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Accountant Ugo Fantozzi embodies every possible stereotype of your Average middle-class Italian of the 70s. Stuck in a frustrating job, exploited and made fun of by his coworkers, designated victim of his bosses, unhappy and disheartened family man (married to an unbelievably ugly and dull wife, and with a simian daughter), he always seems to draw the shortest straw. No matter what he does, and how hard he tries, Lady Luck will always turn her back on him. Better if after having given him some hope.
But mind you, behind all the improbable situations and the over-the-top comedy stuff, the message is indeed deeper. Everything Fantozzi wishes for is the so-called Italian Dream: after the economical boom of the late 50s, every Italian dreamt about landing a good 9-to-5 job, buying himself a house and a car, living a nice and quiet family life with summer holidays, plenty of hobbies etc. And, should things have gone very well, maybe a mistress too...
Instead, poor Fantozzi is stuck in a rut: he has a second-rate version of all of that... And the more he tries to attain "happiness", the worse it ends.
Clearly, the comedy aspect is prominent, and the movie is also enjoyable for its slapstick comedy, for its sketches and for its caricatural portrait of Italian lower/middle-class. But once the funny parts are an "acquired taste", you can see past it and the sadness of the characters appears, offering a whole new dimension to the movie.
In origin Fantozzi was a literary character, created by Paolo Villaggio himself (who'll star as Fantozzi in all the subsequent movies), and on the written page the social criticism was much heavier. The cinematic version made the satire more enjoyable, probably less sharp, but for sure not less noticeable.
In the end, Fantozzi is a classic of Italian Comedy, and has had a long-lasting impact on Italian language, comedy and society. Every single character, quote and episode is well known in Italy and can easily be "recycled" in everyday's life, even 35 odds years after its original creation.
Had it been "just another silly comedy", it wouldn't had the same impact.
The only real downside of the movie, and of the whole saga, is you have to watch it in Italian, possibly understanding the language to a decent degree. Otherwise many jokes and situations will go over your head
I happened to think, and more then once, that these movies are not to be lost, they are a portrait of Italian life in the 70s and they are an example on how you can laugh (and laugh loud!) with a very low level (especially in the first and second episodes) of vulgarity. I'll take for me VHS or DVD collection to show them to my children's, with the hope that their generation will enjoy them as much as mine.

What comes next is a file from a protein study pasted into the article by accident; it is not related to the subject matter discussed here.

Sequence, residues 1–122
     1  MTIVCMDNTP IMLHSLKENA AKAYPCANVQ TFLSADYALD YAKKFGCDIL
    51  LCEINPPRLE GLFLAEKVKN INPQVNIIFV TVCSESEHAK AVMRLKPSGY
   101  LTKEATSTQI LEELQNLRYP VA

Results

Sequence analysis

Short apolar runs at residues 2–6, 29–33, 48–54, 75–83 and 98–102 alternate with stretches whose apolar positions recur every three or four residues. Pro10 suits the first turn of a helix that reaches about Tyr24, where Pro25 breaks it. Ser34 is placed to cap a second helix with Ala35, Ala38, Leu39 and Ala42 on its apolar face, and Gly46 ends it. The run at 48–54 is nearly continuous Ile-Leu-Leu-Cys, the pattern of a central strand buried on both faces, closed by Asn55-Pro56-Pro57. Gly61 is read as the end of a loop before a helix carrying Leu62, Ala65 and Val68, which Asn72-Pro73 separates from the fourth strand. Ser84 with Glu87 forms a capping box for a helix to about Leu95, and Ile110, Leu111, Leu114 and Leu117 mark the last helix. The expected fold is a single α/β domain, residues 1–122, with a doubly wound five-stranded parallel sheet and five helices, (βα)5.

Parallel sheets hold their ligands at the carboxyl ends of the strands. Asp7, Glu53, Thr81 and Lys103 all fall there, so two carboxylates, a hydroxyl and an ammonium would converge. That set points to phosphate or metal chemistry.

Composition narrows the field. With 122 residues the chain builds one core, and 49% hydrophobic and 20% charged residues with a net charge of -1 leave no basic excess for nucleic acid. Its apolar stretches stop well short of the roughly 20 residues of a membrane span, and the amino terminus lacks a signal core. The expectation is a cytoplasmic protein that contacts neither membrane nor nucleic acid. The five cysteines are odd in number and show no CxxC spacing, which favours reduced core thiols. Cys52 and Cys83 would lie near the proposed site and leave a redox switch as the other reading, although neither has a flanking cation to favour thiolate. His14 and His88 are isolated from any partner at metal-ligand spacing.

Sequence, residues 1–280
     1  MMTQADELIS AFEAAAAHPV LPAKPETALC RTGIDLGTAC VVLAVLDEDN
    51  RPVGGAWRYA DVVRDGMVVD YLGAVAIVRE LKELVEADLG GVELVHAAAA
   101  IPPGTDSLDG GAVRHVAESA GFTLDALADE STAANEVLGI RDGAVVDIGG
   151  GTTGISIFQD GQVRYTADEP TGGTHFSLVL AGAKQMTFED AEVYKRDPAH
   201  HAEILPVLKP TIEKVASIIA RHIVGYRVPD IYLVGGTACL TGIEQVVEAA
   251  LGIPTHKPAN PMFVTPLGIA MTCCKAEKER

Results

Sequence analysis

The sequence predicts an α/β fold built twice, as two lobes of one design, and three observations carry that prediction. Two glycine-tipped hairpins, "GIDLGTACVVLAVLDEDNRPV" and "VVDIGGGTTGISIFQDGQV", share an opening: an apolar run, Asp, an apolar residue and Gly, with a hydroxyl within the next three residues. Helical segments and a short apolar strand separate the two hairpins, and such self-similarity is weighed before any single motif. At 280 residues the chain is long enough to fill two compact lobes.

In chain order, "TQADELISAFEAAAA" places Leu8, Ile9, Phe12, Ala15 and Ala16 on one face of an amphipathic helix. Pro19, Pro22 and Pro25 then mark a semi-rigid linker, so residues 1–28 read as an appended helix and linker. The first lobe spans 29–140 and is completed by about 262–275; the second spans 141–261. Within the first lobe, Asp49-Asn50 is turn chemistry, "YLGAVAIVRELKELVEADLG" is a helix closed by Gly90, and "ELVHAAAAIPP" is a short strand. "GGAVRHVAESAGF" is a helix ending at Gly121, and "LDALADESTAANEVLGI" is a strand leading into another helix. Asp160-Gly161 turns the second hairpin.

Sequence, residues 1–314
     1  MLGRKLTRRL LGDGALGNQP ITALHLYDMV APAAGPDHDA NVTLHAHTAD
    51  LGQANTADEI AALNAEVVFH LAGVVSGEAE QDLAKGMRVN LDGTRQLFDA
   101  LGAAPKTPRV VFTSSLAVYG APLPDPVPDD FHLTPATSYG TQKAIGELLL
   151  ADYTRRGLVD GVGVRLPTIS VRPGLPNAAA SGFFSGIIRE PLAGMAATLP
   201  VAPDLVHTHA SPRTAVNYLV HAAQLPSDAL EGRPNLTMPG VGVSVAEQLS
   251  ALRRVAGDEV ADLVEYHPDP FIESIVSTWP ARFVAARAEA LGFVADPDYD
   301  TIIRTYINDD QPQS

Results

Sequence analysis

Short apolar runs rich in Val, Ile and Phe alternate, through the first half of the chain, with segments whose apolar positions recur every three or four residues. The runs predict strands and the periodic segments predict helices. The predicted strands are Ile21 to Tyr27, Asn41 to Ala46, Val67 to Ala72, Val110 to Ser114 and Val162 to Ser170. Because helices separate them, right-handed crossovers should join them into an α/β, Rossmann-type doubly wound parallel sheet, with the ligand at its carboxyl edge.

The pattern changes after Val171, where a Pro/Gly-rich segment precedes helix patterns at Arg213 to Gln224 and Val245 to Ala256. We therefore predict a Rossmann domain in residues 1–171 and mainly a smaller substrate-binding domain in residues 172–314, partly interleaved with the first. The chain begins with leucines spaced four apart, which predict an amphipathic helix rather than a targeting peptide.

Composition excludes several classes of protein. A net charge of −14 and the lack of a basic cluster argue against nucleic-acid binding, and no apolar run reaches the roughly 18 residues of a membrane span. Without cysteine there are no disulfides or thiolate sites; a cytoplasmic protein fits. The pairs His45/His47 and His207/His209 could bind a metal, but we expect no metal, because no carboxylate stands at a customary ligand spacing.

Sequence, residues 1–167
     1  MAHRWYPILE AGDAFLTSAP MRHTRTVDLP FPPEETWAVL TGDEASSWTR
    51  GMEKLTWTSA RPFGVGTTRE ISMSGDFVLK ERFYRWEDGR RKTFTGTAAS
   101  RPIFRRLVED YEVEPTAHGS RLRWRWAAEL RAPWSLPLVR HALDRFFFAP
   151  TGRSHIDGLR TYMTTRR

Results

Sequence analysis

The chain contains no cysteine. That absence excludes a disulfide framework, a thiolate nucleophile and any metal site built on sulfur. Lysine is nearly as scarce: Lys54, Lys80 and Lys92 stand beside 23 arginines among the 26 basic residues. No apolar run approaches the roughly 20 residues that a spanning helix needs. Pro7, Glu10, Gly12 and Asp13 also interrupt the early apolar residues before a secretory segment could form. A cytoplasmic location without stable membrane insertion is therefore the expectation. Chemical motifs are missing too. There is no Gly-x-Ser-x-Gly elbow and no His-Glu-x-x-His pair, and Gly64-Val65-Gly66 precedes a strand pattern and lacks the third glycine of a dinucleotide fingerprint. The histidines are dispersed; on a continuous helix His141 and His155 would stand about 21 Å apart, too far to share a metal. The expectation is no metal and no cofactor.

but unless you know the fantozzi quotes you won't get the gist of it and you'll be lost to most other who watched the movie(s) lots of times..
Here we are introduced to the characters which would reappear throughout the series: Fantozzi's frumpy wife (which would eventually be played, from the third entry onwards, by Luis Bunuel regular Milena Vukotic), his hideous daughter who looks more like a monkey (actually played a boy - subsequently a man - in drag!); his overbearing colleagues - the ever-optimistic myopic organizer (Gigi Reder), the playboy figure who's arrogant to his peers but utterly complacent to his superiors (Giuseppe Anatrelli), the free-spirited woman (Anna Mazzamauro) whom he desires but who's really quite unattractive herself; the employers, as befits the satiric nature of the films, are depicted as near deities with their offices fitted with armchairs in human skin and in whose aquariums swim a selected number of 'lucky' employees!!
The first entry has its fair share of memorably comic sequences: the football game during a thunderstorm between single and married men, Fantozzi's recurring mystical visions which invariably occur after having incurred a particularly heavy physical blow, the road rage sequence featuring a confrontation with a gang of thugs, the billiard game in which Fantozzi, after much verbal abuse, turns the tables on his superior and eventually kidnaps the latter's love-struck mother as security against his vengeance and a scene at a Japanese restaurant where, among other calamities, samurai are lopping off the limbs of those customers who are not appreciative of their cuisine!!
In Spain there are also similar films as the films of Paco Martínez Soria for example. It is very difficult to stand and watch the entire movie. There are moments when it seems incredible how bad it is. I write this review because I love the comedies of all sorts and I was completely disappointed with this film.
All in all, a complete and total waste of time.